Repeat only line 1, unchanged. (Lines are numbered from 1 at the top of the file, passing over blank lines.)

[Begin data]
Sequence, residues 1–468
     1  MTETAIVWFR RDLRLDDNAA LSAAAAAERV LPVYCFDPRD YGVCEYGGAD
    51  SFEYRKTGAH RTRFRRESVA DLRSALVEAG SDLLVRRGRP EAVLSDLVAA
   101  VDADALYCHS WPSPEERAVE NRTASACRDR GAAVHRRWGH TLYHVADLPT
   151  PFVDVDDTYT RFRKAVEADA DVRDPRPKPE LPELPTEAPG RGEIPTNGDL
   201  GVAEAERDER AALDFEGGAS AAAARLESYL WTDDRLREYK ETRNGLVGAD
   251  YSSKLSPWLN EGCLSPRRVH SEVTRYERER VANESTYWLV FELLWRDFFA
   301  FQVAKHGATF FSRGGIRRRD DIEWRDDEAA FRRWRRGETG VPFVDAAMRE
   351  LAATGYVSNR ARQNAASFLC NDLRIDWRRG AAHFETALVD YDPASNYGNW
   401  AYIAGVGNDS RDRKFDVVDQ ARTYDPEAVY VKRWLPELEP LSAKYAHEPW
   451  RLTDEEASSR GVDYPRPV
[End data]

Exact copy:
Sequence, residues 1–468